At the Black Hat conference in Las Vegas last week, a security researcher presented his research on using access rights available under the GDPR for identity theft purposes (slides available here; whitepaper available here).  Specifically, the researcher “attempted to steal as much information as possible” about his fiancé by submitting GDPR access requests

A recent decision from the Eleventh Circuit highlights an ongoing issue under the Computer Fraud and Abuse Act (“CFAA”): the significance of policy-based restrictions when determining whether a person accessed a protected computer “without authorization” or “exceeded authorized access.”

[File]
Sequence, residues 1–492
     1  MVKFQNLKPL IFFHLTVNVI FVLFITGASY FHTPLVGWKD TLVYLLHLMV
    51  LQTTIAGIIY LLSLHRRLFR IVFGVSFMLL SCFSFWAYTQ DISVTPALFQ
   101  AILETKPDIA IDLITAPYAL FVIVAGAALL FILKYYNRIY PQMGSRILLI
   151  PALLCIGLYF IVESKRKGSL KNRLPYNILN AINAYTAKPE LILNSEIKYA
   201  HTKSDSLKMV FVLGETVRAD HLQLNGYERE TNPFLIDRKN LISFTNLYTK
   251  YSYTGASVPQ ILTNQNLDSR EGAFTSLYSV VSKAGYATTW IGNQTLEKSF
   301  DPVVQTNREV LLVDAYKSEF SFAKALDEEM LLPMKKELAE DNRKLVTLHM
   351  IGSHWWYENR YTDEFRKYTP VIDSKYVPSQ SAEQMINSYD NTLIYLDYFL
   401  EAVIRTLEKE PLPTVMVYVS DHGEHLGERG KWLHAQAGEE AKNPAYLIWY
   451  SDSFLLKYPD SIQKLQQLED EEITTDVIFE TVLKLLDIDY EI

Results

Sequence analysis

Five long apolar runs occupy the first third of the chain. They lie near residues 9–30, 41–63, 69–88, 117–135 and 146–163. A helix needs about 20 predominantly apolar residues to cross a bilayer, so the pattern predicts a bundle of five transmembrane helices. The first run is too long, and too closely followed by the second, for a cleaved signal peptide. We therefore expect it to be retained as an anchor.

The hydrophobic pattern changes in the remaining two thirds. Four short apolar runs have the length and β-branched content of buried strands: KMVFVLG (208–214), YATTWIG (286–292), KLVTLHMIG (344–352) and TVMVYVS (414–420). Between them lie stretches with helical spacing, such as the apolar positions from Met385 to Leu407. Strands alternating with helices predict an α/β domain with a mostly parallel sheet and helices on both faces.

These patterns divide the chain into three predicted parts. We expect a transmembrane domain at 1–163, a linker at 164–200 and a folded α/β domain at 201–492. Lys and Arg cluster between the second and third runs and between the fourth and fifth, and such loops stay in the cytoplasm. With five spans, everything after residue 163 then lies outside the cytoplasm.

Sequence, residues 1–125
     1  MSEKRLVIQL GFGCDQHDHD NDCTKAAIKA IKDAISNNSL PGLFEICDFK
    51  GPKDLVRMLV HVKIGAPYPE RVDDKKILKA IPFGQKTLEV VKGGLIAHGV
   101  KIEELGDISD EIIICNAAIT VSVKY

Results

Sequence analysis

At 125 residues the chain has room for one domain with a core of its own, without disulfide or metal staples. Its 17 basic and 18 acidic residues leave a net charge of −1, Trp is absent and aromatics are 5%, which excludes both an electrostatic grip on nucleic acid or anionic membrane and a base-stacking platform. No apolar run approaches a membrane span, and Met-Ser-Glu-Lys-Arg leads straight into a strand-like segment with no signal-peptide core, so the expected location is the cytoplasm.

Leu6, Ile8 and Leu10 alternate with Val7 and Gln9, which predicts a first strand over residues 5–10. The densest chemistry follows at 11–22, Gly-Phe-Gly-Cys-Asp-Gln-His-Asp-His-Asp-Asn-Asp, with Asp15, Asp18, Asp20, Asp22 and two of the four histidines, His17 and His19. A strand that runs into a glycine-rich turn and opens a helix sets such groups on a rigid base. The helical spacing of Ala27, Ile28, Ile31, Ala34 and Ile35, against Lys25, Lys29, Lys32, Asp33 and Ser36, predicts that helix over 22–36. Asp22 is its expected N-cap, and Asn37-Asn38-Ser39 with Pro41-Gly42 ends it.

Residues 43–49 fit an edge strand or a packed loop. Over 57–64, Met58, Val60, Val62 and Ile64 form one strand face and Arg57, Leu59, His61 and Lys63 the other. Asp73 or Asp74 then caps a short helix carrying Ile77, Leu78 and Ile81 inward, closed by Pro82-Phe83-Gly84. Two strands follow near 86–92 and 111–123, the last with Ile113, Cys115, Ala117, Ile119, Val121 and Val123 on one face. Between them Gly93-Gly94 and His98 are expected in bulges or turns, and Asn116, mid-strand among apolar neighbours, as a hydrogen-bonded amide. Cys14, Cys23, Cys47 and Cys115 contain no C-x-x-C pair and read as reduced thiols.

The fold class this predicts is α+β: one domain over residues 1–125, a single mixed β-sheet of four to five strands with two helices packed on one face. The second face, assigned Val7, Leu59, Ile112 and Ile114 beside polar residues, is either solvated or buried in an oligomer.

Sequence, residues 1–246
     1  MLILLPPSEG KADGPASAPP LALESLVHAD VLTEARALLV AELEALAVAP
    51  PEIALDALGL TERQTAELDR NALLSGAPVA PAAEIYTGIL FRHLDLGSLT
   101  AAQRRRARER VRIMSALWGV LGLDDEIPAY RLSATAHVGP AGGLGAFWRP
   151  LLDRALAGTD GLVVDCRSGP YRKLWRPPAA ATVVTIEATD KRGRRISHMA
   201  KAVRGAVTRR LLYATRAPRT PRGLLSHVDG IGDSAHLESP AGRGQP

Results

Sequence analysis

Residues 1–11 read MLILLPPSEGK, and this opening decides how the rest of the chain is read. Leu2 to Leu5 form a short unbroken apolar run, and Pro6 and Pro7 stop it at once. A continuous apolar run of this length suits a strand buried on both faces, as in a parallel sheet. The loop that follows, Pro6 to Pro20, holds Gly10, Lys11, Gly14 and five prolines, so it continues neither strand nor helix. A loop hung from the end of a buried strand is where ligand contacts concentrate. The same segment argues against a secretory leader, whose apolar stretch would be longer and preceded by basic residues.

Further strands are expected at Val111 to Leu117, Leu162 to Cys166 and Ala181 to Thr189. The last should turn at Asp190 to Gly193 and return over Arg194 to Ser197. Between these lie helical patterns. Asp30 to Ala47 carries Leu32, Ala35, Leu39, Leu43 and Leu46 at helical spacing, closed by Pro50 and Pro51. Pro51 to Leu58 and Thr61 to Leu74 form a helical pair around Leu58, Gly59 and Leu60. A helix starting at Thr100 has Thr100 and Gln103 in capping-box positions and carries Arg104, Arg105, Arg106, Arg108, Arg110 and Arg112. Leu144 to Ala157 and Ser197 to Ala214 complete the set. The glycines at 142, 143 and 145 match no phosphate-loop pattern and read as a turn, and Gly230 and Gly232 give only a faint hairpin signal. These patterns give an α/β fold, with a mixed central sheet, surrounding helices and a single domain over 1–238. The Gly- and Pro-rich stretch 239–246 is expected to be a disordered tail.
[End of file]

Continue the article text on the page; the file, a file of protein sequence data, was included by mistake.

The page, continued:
In United States v. Rodriguez [PDF], the Eleventh Circuit upheld the criminal conviction of a Social Security Administration (“SSA”) employee, who, as part of his job duties, had access to SSA databases containing sensitive information about individuals.  According to the Eleventh Circuit, Rodriguez exceeded his authorized access when he looked up personal acquaintances in the databases, in violation of agency policies that prohibited employees from obtaining database information without a business reason.

Continue Reading Recent CFAA Cases Address Defendants’ Violations of Employer Policies